The Problem of achieving weathertight joints

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ConferenceSymposium on Weathertight Joints for Walls: 1967-09, Oslo, Norway
Subjectweatherproof joints; air leakages; rain penetration; buildings; walls; Wind loads; Air flow/Wind pressure
AbstractThe penetration of rain into a building is an age-old problem. A study of past and present building methods shows that there have been two basic approaches to the design of walls and joints. One is to attempt to eliminate all openings that might let water enter the construction, both in the masonry walls and in the fenestration; the other is to shed the water by using overlapping units, such as shingles, siding and thatch. These approaches are still used today. The various attempts to seal exterior wall surfaces have never been completely satisfactory. This is easily seen by the use of cornices, belt courses, mortar and stucco finishes, interior finishes for gaskets and cavity wall construction to improve the performance of walls designed on the basis of this principle. Wall design using overlapping units has proved effective in preventing rain penetration. In some cases in which wind-blown rain is particularly heavy, overlapping units, such as facing on masonry walls, was even used. Owing to the positive results obtained with overlapping units, this method is commonly used to limit rain penetration through the roofs of various types of buildings. With the objective of achieving weathertight joints, it is essential to fully understand all functional requirements, the various physical phenomena influencing joint performance and the close interdependence of all these factors.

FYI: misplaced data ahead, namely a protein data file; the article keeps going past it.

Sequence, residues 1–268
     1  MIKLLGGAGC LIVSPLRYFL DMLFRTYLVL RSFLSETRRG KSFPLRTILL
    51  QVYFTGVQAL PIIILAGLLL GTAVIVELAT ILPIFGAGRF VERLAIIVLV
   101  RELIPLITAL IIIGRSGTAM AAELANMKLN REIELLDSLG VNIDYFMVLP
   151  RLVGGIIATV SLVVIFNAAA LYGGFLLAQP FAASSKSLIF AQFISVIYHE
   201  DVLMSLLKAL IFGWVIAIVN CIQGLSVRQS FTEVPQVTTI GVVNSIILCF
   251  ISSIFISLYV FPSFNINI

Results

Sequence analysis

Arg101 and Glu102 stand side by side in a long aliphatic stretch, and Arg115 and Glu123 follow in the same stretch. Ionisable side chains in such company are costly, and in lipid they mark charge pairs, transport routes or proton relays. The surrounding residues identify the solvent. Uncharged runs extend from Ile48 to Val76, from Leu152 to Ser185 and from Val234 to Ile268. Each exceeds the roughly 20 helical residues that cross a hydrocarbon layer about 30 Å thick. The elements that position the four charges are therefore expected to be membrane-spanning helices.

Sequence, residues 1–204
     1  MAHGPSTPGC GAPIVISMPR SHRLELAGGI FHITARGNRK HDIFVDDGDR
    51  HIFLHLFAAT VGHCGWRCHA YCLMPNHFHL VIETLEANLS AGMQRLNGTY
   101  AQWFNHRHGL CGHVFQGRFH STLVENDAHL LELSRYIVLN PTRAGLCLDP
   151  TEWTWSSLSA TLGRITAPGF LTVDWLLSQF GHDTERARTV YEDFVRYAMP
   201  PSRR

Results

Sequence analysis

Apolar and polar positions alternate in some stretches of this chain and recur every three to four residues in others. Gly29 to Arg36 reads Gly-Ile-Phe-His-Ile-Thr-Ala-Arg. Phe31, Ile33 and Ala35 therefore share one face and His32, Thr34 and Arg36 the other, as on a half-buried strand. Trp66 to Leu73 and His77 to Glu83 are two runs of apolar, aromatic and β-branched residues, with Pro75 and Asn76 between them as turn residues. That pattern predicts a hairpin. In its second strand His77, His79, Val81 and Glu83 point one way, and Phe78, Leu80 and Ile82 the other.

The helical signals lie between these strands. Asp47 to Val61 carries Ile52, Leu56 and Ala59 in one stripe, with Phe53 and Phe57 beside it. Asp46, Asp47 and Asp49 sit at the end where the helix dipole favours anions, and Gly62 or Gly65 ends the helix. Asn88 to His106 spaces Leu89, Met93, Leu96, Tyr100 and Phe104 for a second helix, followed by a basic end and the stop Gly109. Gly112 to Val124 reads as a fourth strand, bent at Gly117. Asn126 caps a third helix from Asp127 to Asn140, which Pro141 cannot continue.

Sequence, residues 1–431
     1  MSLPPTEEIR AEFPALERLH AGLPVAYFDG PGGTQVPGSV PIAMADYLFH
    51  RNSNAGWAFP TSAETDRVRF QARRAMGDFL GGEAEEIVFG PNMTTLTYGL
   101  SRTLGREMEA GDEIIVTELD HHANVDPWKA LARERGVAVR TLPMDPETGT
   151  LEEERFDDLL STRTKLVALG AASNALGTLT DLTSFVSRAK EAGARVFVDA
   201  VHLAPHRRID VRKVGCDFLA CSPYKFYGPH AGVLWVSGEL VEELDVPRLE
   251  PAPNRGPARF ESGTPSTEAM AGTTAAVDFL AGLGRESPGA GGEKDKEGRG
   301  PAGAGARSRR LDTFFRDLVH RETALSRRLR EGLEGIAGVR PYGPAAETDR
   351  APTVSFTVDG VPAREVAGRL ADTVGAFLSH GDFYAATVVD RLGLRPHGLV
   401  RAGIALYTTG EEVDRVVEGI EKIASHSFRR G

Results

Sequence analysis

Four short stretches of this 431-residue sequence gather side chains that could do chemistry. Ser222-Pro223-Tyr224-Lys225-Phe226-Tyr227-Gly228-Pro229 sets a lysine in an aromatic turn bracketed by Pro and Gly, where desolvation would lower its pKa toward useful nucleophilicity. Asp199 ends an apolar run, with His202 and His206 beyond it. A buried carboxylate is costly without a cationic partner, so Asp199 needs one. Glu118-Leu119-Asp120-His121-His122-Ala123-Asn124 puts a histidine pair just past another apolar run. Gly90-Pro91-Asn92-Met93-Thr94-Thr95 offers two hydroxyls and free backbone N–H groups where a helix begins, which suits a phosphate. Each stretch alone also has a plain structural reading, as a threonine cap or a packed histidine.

Publication date
AffiliationNRC Institute for Research in Construction; National Research Council Canada
Peer reviewedNo
NRC number9874
NPARC number20375886
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Record identifier245c3a24-f22f-48fe-a46a-0a89dac47092
Record created2012-07-23
Record modified2016-05-09
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